Insomnia and Cancer
This short report from ASCO confirms what we all know: the time of diagnosis and treatment of cancer is not the time we do our best sleeping. Whether this is due to stress, anxiety, chemicals and drugs, who knows? I do know that you have to sleep and everything is much worse if you don't. Many women take a sleeping medication (usually a light one) during these months and come off it without undue difficulties later.
©American Society of Clinical Oncology
Natural Course of Insomnia Comorbid With Cancer: An 18-Month Longitudinal Study
Josée Savard!, Hans Ivers, Julie Villa, Aude Caplette-Gingras and Charles M. Morin
Corresponding author: Josée Savard, PhD, Laval University Cancer Research Center, 11 Côte du Palais, Québec, Québec, Canada G1R 2J6; e-mail: firstname.lastname@example.org.
Purpose This study aimed to assess the prevalence and natural course (incidence, persistence, remission, and relapse) of insomnia comorbid with cancer during an 18- month period.
Patients and Methods All patients scheduled to receive a curative surgery for a first diagnosis of nonmetastatic cancer were approached on the day of their preoperative visit to participate in the study. A total of 962 patients with cancer (mixed sites) completed an insomnia diagnostic interview at the perioperative phase (T1), as well as at 2 (T2), 6 (T3) 10 (T4), 14 (T5), and 18 (T6) months after surgery.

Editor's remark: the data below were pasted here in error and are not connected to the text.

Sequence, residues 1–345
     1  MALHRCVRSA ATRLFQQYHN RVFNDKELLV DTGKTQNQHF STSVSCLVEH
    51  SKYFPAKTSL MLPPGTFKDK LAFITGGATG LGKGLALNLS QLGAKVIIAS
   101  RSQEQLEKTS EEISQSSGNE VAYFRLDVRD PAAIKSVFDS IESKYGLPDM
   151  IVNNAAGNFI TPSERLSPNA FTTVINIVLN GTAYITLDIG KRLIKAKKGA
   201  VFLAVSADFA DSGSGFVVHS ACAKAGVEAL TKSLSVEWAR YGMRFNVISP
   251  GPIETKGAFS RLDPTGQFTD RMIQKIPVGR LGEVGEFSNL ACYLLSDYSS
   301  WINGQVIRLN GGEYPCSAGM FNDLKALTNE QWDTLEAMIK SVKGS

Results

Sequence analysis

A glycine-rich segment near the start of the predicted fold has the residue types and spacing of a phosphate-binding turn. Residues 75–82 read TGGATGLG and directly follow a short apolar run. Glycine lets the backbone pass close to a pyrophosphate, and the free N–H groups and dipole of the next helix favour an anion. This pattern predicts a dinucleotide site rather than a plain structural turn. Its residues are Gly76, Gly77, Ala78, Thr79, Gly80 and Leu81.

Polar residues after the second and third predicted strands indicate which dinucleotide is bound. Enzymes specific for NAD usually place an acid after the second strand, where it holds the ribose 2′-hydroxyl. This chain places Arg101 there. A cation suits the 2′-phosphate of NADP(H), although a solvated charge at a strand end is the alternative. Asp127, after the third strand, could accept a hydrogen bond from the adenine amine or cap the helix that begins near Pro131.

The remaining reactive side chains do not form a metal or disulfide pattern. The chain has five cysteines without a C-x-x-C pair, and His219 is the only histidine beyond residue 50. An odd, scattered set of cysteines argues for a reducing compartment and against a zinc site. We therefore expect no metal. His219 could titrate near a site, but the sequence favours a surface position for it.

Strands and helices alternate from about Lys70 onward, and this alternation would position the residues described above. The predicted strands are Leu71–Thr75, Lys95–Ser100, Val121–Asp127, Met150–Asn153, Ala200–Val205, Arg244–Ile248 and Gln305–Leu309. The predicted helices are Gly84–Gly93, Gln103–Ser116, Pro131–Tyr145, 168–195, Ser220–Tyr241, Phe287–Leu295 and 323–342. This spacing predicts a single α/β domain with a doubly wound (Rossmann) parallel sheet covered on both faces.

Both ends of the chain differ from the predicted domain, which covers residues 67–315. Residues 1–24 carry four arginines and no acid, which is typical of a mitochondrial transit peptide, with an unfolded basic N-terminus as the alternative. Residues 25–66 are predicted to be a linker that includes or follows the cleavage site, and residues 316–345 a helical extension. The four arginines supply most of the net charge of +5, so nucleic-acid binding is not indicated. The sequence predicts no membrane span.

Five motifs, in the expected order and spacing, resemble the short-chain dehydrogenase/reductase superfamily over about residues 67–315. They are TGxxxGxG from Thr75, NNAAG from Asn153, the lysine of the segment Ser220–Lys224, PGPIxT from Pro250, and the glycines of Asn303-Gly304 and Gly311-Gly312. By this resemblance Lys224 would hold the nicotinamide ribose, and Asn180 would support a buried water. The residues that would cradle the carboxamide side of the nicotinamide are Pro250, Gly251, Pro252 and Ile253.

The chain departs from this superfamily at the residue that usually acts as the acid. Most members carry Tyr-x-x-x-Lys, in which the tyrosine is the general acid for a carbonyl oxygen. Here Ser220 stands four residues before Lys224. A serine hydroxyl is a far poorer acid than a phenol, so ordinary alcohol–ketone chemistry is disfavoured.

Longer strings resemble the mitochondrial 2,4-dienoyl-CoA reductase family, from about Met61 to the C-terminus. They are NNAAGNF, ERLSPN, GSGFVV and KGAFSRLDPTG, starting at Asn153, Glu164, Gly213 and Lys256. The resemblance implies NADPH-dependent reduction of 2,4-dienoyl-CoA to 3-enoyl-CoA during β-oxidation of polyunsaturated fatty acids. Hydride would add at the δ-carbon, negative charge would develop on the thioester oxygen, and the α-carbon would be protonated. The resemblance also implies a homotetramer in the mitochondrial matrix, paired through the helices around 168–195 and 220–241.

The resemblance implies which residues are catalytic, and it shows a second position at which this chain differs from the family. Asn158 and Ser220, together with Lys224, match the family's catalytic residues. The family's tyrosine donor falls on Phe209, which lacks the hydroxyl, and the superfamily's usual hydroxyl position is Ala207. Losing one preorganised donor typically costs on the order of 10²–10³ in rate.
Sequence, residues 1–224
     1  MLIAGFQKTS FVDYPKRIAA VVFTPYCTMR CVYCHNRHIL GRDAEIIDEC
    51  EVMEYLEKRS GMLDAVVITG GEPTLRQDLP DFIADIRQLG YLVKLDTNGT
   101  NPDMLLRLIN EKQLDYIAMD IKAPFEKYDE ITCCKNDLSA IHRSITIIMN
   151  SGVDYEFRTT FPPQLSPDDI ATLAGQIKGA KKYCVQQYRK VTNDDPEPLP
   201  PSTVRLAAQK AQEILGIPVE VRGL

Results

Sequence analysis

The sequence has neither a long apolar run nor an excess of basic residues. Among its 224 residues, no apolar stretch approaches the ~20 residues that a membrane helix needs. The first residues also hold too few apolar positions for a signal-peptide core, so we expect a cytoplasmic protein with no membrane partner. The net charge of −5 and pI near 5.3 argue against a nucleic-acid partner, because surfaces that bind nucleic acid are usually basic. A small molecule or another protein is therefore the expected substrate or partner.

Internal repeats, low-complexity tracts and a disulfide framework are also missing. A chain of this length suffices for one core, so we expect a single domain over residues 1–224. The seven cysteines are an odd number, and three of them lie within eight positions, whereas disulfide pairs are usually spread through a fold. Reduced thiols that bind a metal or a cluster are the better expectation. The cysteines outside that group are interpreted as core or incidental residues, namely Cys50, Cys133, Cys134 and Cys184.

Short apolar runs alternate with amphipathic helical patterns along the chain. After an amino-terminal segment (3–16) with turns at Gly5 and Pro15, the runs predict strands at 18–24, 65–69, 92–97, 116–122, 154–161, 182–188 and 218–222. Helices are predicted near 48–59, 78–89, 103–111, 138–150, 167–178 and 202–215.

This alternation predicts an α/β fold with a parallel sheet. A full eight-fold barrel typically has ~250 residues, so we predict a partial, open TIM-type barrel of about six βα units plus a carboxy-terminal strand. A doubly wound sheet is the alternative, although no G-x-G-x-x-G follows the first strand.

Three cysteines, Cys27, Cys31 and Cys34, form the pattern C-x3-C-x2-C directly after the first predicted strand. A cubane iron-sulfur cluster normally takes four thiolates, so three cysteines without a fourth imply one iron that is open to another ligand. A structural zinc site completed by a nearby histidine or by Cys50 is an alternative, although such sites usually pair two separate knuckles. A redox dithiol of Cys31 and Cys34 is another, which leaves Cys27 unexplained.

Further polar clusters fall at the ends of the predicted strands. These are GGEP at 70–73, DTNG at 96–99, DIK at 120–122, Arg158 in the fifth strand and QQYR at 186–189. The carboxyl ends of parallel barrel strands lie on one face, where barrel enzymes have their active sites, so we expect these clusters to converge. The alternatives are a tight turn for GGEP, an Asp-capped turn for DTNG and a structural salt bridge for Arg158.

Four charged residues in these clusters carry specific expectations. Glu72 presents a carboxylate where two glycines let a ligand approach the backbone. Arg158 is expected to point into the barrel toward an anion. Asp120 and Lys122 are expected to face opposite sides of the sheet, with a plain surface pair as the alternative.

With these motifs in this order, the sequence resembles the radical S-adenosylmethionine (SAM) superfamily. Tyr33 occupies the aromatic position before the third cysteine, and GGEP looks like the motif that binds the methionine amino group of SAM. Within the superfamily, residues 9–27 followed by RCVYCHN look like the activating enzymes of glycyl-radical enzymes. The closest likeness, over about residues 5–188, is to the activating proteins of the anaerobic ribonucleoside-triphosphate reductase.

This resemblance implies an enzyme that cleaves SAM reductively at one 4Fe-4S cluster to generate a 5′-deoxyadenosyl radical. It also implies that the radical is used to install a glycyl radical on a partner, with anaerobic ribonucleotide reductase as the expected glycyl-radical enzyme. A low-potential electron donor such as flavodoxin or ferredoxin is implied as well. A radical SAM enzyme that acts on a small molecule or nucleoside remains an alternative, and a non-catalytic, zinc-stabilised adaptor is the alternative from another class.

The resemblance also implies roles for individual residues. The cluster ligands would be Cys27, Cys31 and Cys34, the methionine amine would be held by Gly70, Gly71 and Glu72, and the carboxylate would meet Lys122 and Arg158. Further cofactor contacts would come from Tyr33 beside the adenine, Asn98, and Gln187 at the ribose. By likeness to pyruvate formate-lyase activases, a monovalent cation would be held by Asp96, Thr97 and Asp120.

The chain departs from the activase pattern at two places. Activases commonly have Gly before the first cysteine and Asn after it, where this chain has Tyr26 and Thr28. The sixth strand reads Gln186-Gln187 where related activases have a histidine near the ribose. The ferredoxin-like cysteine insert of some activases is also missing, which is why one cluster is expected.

Results Findings revealed high rates of insomnia at baseline (59%), including 28% with an insomnia syndrome. The prevalence of insomnia generally declined over time but remained pervasive even at the end of the 18-month period (36%). Rates were greater in patients with breast (42% to 69%) and gynecologic (33% to 68%) cancer and lower in men with prostate cancer (25% to 39%) throughout the study. Nearly 15% of patients had a first incidence of insomnia during the study, and 19.5% experienced relapse. The evolution of symptoms varied according to sleep status. Remissions (patients becoming good sleepers) were much less likely for patients with an insomnia syndrome (10.8% to 14.9%) than for those with insomnia symptoms (42.0% to 51.3%). Most frequently (37.6%), patients with an insomnia syndrome at baseline kept that status throughout the 18-month period.
Conclusion Insomnia is a frequent and enduring problem in patients with cancer, particularly at the syndrome level. Early intervention strategies, such as cognitive- behavioral therapy, could prevent the problem from becoming more severe and chronic.